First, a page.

In terms of process, it’s a mish-mash between scribbling, model-making, computer modelling and most of all discussion. Sometimes when you’re stuck by yourself on an idea its best to have someone else look at it to get feedback, what you may think works or looks good isn’t always the case.

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MM: What can't you live without?

ML: Usually I’d say my Motorcycle, but I sold it and managing to live without it, don’t know how though! Ha, but now I’d say my gym membership. I do have a love addiction with the weight room.

MM: Who/What are you most influenced by?

ML: I’m mostly influenced by other people around me, its cliché but you are the company you keep I have a lot of friends that are really pushing it in their preferred areas of life which keeps me inspired and on my toes! Also other designers and what they’ve managed to design or build over a long journey. I like to back track how they got there and then take a similar direction.

MM: What was your childhood like? Did you grow up in a creative household?

ML: I grew up in St.Kilda and Elwood only ever focusing on playing football. Secondary to that was scribbling, design and making so absolutely, art and design run deep in my family with almost all of us in a creative industry or at least have serious hobbies to create in our spare time. I can thank my dad’s side of the family for that. If any of us weren’t doing something creative you could almost argue if they are really part of the family!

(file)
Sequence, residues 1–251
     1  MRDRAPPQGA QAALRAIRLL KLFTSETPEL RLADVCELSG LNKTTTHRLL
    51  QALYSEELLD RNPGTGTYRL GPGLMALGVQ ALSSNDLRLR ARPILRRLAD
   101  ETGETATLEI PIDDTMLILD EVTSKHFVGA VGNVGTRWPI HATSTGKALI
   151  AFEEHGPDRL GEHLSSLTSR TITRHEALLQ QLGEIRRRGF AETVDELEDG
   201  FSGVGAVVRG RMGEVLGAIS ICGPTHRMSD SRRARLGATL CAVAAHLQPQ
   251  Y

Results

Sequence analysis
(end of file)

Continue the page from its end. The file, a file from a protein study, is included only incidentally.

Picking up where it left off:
MM: What is the first thing you do in the morning?

ML: My days start at 6am, I eat my pre-made bircher muesli I prep the night before, then if my dog Pippa has managed to muscle the sliding door to enter the living room she then launches at me for a pat and my bircher! She’s a Labrador, almost as good as having a Dyson vacuum in the house.

MM: Can you recommend a good read / good playlist?

ML: I’m heavily into my house and techno music, I don’t have a playlist; I mostly listen to DJ sets. Fuse London on Soundcloud is where it’s at! ‘Fuse Podcast 029 – Okain’ is my favourite at the moment. If you skip to the 35minute mark that’s where the magic happens for me.

MM: Can you recommend a coffee place and a restaurant in Melbourne?

ML: I live in the centre of the CBD in Melbourne, so I’m spoilt for choice. But for Coffee it’s The Little Mule on Somerset Place that hits the spot! As for a restaurant I’m not your wine and dine sort of guy, but  Pastuso down ACDC Lane was killa last time I was there a few years ago! ahaha.

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The aesthetic of the light is very sleek and minimal, so every other aspect needs to reflect this driving feature.
— Max Leishman